We heard of this story this week – a wonderful example of over-engineering a solution (excuse the pun) when your workforce may know an easier fix all along.
A toothpaste factory had a problem. They sometimes shipped empty boxes without the tube inside. This challenged their perceived quality with the buyers and distributors. Understanding how important the relationship with them was, the CEO of the company assembled his top people. They decided to hire an external engineering company to solve their empty boxes problem. The project followed the usual process: budget and project sponsor allocated, RFP, and third-parties selected. Six months (and $8 million) later they had a fantastic solution – on time, on budget, and high quality. Everyone in the project was pleased.
They solved the problem by using a high-tech precision scale that would sound a bell and flash lights whenever a toothpaste box weighed less than it should. The line would stop, someone would walk over, remove the defective box, and then press another button to re-start the line. As a result of the new package monitoring process, no empty boxes were being shipped out of the factory.
With no more customer complaints, the CEO felt the $8 million was well spent. He then reviewed the line statistics report and discovered the number of empty boxes picked up by the scale in the first week was consistent with projections, however, the next three weeks were zero!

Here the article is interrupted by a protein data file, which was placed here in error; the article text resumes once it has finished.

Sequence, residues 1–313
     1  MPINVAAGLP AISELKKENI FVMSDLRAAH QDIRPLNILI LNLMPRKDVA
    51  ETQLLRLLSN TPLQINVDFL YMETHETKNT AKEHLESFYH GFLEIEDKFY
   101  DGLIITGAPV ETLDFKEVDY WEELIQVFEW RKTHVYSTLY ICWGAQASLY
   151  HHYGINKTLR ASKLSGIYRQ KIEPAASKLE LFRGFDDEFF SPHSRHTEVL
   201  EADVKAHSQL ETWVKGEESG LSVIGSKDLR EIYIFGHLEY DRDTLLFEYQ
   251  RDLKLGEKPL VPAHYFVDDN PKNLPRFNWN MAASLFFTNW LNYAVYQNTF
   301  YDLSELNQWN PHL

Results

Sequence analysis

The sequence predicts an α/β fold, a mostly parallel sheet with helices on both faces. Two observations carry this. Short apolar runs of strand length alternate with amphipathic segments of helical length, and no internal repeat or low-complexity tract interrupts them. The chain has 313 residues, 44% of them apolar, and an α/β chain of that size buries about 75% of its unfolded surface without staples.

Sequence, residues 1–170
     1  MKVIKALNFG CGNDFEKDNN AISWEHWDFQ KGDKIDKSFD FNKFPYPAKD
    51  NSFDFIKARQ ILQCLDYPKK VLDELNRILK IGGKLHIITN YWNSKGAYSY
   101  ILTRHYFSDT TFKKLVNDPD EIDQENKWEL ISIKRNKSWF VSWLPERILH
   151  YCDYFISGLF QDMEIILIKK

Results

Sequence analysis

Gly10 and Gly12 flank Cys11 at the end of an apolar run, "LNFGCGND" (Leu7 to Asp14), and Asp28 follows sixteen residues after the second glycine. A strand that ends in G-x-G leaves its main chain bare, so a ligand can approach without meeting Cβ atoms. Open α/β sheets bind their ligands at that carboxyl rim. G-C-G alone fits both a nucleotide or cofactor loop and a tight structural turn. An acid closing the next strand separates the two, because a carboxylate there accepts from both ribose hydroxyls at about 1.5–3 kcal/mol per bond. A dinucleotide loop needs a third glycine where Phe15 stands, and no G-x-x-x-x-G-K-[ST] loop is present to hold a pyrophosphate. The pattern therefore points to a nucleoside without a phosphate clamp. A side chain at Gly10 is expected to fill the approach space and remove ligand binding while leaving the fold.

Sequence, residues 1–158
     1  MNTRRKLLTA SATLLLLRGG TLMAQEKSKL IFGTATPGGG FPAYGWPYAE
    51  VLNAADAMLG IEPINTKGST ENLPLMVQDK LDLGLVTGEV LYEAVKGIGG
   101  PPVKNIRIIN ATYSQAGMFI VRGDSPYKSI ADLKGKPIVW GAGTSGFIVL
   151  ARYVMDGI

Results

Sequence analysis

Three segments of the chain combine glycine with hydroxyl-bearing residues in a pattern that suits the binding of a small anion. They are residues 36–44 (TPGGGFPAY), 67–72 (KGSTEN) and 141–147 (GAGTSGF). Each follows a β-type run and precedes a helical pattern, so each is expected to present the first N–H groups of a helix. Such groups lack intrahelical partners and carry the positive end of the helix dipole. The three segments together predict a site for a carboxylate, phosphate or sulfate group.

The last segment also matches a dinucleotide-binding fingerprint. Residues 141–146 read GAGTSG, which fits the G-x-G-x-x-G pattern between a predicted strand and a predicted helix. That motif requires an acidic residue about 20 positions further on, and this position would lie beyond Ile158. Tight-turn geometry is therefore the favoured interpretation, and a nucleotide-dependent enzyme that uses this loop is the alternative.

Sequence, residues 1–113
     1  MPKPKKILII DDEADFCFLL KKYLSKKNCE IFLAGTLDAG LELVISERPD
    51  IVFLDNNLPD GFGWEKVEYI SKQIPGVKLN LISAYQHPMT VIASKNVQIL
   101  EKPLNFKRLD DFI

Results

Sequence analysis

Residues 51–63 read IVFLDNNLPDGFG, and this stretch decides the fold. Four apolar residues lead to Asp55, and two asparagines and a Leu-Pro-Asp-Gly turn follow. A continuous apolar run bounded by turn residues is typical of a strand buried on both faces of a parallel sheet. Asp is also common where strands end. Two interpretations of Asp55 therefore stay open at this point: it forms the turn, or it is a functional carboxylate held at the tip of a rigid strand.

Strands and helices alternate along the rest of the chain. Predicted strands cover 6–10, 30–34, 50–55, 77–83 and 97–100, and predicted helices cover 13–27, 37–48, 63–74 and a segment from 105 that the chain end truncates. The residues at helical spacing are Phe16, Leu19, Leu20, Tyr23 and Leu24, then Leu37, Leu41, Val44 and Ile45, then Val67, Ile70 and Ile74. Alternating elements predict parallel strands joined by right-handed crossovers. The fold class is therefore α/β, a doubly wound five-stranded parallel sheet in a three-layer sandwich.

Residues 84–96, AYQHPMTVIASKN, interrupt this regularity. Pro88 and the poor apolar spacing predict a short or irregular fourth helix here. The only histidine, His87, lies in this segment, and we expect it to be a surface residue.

The estimated rate should have been at least a dozen boxes a day. He had the engineers check the equipment, they verified the report as accurate.
Puzzled, the CEO traveled down to the factory, viewed the part of the line where the precision scale was installed, and observed just ahead of the new $8 million dollar solution sat a $20 desk fan blowing the empty boxes off the belt and into a bin. He asked the line supervisor what that was about.
“Oh, that,” the supervisor replied, “Bert, the kid from maintenance, put it there because he was tired of walking over every time the bell rang.”
So the call to action is – always involve your teams in creating solutions to your customer and service issues.
Do you have similar stories to share with us? Reply to this and share your experiences….
Download Our Brochure
- It’s A Question Of Trust6th May 2022 - 11:00 am
Trust is a fundamental building block for effective business relationships with employees and customers. In his acclaimed book The Culture Code¹, Daniel Coyle identifies 3 common characteristics that define high-performance teams in the workplace…
- The One Question Few Can Answer22nd April 2022 - 1:23 pm
From time to time, you read journalist interviews with chief executives who proudly say something along the lines of: “Our goal is to exceed our clients’ expectations.”
If one of them says this to me, my response is usually: “Terrific, well done. What are those expectations?” And 90% of the time I get a blank look in reply. The chief executive concerned doesn’t know!…
- Maximising Value and ROI from Data18th March 2022 - 9:46 am
We’re informed incessantly that the future will be “data-driven” and that businesses lacking data will be at a competitive disadvantage. Whilst that may be broadly true, for an organisation to derive value from data there are many obstacles to be overcome for the data to be insightful, actionable and used for decision making…